‘But are you absolutely positive that it will open?’
This wasn’t the first time that I’d asked the question, nor would it be the last. After a full day of first-time-jumper training, I’m extremely familiar with the scenarios most likely to kill me.
As it turns out, there are at least a hundred ways for a parachute to fail; all of which come with a set of emergency procedures that must be executed within seconds.
‘You’ve got a 50/50 chance,’ Dylan, the Jump Master on my load, replies with a grin. ‘Fingers crossed!’ And without another word, he turns around and walks away.
‘Thanks for the encouragement,’ I mutter under my breath. My chances of survival have seen a steady decline since my first enquiry several hours earlier. Body trembling, I sit crossed legged on the dirty concrete floor, close my eyes, and try to still the waves of panic that have been, for the past few hours, breaking over me in increasingly frequent intervals.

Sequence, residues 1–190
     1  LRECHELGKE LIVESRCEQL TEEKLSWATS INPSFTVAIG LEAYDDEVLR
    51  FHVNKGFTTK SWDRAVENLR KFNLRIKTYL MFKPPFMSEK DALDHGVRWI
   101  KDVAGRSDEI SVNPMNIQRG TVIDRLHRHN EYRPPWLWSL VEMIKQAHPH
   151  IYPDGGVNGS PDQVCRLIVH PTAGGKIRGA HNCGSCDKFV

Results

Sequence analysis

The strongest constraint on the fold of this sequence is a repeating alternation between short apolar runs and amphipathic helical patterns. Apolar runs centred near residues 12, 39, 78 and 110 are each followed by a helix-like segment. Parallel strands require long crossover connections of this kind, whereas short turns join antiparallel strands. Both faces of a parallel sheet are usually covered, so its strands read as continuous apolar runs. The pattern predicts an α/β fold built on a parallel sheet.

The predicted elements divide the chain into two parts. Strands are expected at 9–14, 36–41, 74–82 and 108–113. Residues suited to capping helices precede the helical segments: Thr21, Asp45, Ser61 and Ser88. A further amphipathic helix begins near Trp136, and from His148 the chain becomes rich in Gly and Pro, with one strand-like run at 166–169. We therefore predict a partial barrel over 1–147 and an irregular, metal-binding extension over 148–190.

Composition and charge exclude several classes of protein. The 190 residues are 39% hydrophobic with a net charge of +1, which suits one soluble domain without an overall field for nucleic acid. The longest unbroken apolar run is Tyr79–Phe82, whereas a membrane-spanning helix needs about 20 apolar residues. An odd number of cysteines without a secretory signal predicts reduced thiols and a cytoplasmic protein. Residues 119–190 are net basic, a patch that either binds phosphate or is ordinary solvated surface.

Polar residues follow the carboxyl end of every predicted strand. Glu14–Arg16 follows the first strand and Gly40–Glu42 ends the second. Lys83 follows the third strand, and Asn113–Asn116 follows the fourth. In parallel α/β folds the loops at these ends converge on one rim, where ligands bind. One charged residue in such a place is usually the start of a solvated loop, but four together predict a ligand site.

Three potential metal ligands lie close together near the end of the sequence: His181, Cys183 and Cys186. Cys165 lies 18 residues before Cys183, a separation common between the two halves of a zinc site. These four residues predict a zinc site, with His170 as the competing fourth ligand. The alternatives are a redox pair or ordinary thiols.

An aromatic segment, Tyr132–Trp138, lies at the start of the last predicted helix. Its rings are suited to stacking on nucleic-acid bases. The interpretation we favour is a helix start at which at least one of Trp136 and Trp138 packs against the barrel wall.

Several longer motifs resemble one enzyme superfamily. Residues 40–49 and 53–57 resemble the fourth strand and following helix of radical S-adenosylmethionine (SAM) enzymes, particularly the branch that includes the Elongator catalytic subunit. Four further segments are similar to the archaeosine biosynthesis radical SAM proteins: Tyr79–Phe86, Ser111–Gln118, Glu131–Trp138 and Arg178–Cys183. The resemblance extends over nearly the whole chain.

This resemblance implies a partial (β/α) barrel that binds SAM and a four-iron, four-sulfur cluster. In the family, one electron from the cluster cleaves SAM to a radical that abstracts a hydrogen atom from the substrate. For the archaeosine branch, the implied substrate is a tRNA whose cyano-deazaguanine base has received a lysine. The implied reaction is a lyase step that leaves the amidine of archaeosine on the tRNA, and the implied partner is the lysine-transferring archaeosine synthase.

The afternoon is hot and the air is stifling. I feel a bead of sweat make its way down the back of my neck as I sit in silence, trying to block out the bustle of activity that surrounds me. ‘Everything’s going to be OK,’ I tell myself. ‘As Dylan said: Jumping out of an airplane is just like jumping out of bed… while flying thousands of feet above the ground… with nothing but a malfunction-prone bed sheet to save you…’ I feel a sudden urge to laugh. Terrified though I may be, the absurdity of what I’m about to do seems almost comical.
‘Why am I doing this again? Oh yes! Like an idiot, I added it to my bucket list!’ From the safety of my ground-floor apartment in Cape Town, South Africa, getting a skydiving license seemed like the obvious way for me to overcome my crippling fear of heights. ‘Next, I think I’ll dip myself in fish essence and take a swim around Seal Island,’ I berate myself, ‘That ought to help with my fear of sharks!’